It was a shock, she says, but Susan Jane realised quickly that this is how a lot of people live a lot of the time.

"I met so many people in the sandwich years of life, looking after ill parents and small kids," she says. "Or people who work from 7am to 7pm, and get in exhausted to their children every evening. It really opened my eyes to the reality of a life that's really hard.

"And for me, as someone who really valued being able to put nutritious food on the table for my family, I decided that I wasn't going to cook anything anymore than didn't provide 12 portions."

One of the most intimate relationships in her life right now, Susan Jane says with a laugh, is with her freezer.

"I can see what I have at a glance," she says, "and this week, for example, I don't have to cook for the next four or five days."

Though she cannot discuss it for legal reasons, a further stress and pressure on Susan Jane has been a legal wrangle over the home she shares with Trevor and the boys. They have been involved in a High Court dispute with a financial fund relating to the house in Ranelagh, which is reported to be close to resolution, but on which Susan Jane cannot comment.

She can say that it has been a terribly stressful time, however.

"Stress has all eaten into our lives in an unexpected and unprecedented way," Susan Jane says. "All that lack of sleep and all the lack of clarity it creates. Your patience gnaws away and frays. All these insidious ways that stress holds on to you and affects others, unintentionally.

"I imagine a lot of people can empathise with that," she adds. "While it's been a very tough time, it's been an amazing awakening to understanding where most people in Ireland are. Stress is normal. Lack of time and finances are normal. It's given me an opportunity to understand where my writing and my cooking need to go."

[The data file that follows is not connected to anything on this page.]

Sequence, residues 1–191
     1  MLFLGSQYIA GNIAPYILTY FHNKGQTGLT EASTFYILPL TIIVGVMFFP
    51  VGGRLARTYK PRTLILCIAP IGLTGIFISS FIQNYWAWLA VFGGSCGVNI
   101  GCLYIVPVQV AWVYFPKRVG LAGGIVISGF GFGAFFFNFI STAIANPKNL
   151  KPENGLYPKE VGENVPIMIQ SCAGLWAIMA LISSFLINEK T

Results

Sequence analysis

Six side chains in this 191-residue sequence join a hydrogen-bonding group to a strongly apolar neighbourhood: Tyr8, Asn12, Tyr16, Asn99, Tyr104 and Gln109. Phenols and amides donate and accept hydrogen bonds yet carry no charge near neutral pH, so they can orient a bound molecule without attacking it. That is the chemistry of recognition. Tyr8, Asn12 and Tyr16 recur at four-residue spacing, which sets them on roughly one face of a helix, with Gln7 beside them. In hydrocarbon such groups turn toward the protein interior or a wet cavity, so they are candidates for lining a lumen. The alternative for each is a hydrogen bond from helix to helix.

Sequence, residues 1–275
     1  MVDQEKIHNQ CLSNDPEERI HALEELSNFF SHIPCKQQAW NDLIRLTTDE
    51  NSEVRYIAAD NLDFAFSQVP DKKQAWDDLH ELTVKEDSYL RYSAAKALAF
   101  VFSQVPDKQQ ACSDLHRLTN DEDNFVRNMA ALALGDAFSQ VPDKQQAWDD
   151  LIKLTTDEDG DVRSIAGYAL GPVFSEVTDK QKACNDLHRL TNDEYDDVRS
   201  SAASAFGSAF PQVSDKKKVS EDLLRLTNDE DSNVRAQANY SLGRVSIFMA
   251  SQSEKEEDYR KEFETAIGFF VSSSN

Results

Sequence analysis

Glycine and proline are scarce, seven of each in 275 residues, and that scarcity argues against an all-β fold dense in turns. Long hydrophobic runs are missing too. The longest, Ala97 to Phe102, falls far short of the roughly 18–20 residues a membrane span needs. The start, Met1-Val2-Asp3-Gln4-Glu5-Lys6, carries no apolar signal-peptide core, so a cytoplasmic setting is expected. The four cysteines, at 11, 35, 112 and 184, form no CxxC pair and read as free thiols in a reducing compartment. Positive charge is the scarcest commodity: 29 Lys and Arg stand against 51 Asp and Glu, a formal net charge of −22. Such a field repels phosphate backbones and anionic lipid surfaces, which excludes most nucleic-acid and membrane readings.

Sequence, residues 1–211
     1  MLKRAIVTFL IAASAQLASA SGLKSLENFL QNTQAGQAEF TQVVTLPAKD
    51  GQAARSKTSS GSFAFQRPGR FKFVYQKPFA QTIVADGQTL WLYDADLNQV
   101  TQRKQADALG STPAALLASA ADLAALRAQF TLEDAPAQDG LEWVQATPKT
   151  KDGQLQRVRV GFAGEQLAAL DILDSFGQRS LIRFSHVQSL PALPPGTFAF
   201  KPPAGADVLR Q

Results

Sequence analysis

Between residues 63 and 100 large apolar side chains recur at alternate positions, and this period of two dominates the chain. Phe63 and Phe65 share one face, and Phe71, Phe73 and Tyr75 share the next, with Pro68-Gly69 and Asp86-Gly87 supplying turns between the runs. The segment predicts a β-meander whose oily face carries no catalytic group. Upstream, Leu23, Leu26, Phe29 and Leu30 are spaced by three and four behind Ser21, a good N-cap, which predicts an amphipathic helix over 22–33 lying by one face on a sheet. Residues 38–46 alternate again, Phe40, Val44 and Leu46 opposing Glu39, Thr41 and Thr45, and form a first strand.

Where Susan Jane has gone with her writing and cooking is down the path of Clever Batch, which will be fundamentally familiar to fans of her tongue-in-cheek writing style, as well as her focus on superfoods, fresh vegetables and ramped-up nutritive value.

She remains dedicated to her style of eating, which is neither rigidly vegetarian nor vegan, but avoids the processed foods and sugars and flours that she believes made her ill in her 20s.

There is, however, what you might call a more relaxed attitude to eating than what users of her first book, The Extra Virgin Kitchen, may expect. There's a more open attitude to meat, for example, and she includes notes to indicate the cost of each recipe, and tips on how some dishes can be made less expensive. She also includes helpful tips on the best use of your freezer and your frazzled brain's ability to plan.

Certainly one senses her awareness in the book of how there has been something of a clean-living backlash in recent years, though Susan Jane says she never felt it directed at her.

"I didn't see myself as part of that movement or the backlash," Susan Jane says. "I escaped that. I didn't get any trolls but I think it's because I'm not po-faced or singing from a higher moral compass.

"The likes of Deliciously Ella was pummelled, but it seems to be more of an industry for her, whereas for me it's a fun way of life and that's harder for people to criticise. It's easier to criticise people who are too serious about it. I'm not extreme."

The era of niche ingredients is over for Susan Jane, she says, not only for fear of alienating ordinary people.

"I will wholeheartedly put my hand up to succumbing to trends," she says with a laugh, "but the esoteric ingredients don't serve me any more. Once, I found it all very exciting. It appealed to the scientist in me to try lots of new ingredients, see how do they work, how do I make them their very best. These days, what I value instead is my sanity. Having easy-to-make dinners in the freezer, made with easy-to-get ingredients.

Among the ingredients she has fallen out of love with are lucuma, maca and spirulina. "They are beyond my budget now, but also beyond my patience," she says. "I have less time to play with them and less money."